How do Asian elephants survive in fragmented and unprotected landscapes?

Jeremy Hance
mongabay.com
June 28, 2010



A new study in Tropical Conservation Science has found that Asian elephants living in a combination of fragmented forests and agricultural landscapes still depend on natural landscapes—rivers and forests—for survival. Following two herds of Asian elephants (Elephas maximus) in the Valparai plateau among the Anamalai Hills of India for three years, researchers found that the elephants spent much of their time, relative to their availability, near rivers and amid forest fragments. When they entered agricultural landscapes they preferred Eucalyptus and coffee to tea.

One third of the researchers' elephant locations were along rivers or in natural forest, even though these landscapes made up less than 5 percent of the landscape. Elephants were located in tea plantations 32 percent of the time, and Eucalyptus 17 percent and coffee 13 percent of the time. However, given that tea plantations cover most of the region, the elephants actually avoided tea as much as possible according to the researchers: most of the elephants' time spent in tea plantations was composed of nighttime crossings of these vast landscapes.


Study subjects: Asian elephants roam the Valparai plateau in India.
"Among plantation crops, coffee and Eucalyptus seemed to be more important habitats than tea in areas devoid of natural vegetation," the authors explain. "Availability of tree canopy along with secondary vegetation and grass growth in plantations of coffee and Eucalyptus appeared to provide cover and fodder for elephants. Moreover, as coffee is a seasonal fruit crop and Eucalyptus plantations are felled for fuel only once in seven years, elephants may use these areas more due to the lower human activity, unlike in tea plantations that witness more intensive, year-round tea-leaf harvest."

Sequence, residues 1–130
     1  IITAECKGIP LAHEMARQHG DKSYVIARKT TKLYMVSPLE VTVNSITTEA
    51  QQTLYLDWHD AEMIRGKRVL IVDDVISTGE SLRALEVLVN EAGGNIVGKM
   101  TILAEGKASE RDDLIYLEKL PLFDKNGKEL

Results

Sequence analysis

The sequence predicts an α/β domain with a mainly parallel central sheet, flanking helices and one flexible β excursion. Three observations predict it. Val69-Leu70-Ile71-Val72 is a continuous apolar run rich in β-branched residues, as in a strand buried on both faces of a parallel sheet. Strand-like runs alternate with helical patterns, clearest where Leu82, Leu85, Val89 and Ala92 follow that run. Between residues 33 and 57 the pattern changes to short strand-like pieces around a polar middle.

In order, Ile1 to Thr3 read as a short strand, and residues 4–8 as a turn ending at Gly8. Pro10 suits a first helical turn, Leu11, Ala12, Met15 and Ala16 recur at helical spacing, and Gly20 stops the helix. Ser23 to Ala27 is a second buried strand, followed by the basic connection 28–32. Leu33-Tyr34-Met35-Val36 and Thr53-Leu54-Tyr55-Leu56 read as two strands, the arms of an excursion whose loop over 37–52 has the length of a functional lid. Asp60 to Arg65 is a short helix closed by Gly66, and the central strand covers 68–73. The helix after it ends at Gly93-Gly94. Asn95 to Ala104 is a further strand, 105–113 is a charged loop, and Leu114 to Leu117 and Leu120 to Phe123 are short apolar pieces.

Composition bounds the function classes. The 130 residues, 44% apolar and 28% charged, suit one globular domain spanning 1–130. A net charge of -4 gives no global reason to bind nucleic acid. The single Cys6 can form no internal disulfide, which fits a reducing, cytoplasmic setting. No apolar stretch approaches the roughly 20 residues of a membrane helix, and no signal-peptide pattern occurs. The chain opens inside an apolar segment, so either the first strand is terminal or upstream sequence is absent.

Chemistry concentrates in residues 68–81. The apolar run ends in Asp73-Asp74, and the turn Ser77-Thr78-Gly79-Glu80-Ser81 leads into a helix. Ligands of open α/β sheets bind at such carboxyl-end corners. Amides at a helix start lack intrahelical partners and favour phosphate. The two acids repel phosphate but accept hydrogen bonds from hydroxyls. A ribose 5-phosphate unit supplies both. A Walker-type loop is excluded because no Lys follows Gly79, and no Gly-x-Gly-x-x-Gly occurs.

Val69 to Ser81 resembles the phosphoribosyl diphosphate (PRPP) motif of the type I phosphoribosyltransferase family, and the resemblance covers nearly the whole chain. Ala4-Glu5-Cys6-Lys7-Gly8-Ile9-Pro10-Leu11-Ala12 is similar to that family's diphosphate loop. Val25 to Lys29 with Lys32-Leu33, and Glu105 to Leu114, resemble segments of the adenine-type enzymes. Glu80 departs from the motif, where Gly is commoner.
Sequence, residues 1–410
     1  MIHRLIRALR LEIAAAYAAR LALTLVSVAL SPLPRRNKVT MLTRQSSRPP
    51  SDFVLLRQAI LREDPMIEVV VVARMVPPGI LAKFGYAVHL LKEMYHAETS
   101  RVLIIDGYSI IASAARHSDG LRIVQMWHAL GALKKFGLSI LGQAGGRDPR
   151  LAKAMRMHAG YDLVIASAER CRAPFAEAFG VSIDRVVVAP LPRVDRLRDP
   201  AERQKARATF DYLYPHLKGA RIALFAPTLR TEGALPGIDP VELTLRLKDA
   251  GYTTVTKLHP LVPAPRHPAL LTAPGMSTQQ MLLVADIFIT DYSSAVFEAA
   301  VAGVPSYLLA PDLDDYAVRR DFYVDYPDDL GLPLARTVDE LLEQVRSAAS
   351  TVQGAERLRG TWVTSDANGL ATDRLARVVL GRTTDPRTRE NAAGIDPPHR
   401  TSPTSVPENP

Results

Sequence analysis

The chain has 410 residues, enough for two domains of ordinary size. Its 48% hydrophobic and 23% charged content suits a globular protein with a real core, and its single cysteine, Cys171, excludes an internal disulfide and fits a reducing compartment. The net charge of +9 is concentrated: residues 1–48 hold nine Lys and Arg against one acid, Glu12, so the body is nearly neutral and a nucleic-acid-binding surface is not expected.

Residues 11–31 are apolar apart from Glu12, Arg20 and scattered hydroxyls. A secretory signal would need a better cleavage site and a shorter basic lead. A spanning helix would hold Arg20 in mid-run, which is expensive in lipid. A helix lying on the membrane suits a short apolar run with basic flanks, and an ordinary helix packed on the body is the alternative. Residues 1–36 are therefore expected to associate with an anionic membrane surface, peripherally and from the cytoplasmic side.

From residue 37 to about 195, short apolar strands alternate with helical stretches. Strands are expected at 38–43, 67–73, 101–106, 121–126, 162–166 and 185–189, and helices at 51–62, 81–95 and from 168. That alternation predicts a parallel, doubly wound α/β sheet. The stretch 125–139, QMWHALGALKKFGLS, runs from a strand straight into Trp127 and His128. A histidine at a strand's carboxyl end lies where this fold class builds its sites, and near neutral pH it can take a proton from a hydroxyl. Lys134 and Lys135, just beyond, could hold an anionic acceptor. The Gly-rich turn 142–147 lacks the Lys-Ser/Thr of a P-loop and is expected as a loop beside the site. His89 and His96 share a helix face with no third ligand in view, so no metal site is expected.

The authors provide a number of suggestions to ensure elephant survival in such fractured landscapes, including conservation of the remaining natural landscapes.

"In highly fragmented landscapes, such as the Valparai plateau, forest fragments and riparian vegetation play important roles in the ecology of elephants. Conserving these patches and protecting them from further degradation is crucial for conservation of elephants as they are highly dependent on natural vegetation despite its patchy and clumped distribution," the authors write. They add that logging should not occur within 20 meters of rivers, allowing the elephants room to forage.

The study further recommends promoting coffee and Eucalyptus over tea plantations in the region by "preventing conversion of plantation habitats such as coffee with shade tree cover to tea plantations."

Asian elephants are currently listed as Endangered by the IUCN Red List. Conservationists believe the global population has been cut in half in three elephant generations largely due to habitat loss and poaching.



CITATION: Kumar, M. A., Mudappa, D. and Raman, T. R. S. 2010. Asian elephant Elephas maximus habitat use and ranging in fragmented rainforest and plantations in the Anamalai Hills, India Tropical Conservation Science Vol. 3 (2)143-158.







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CITATION:
Jeremy Hance
mongabay.com (June 28, 2010).

How do Asian elephants survive in fragmented and unprotected landscapes?.

http://news.mongabay.com/2010/0628-hance_asian_elephant.html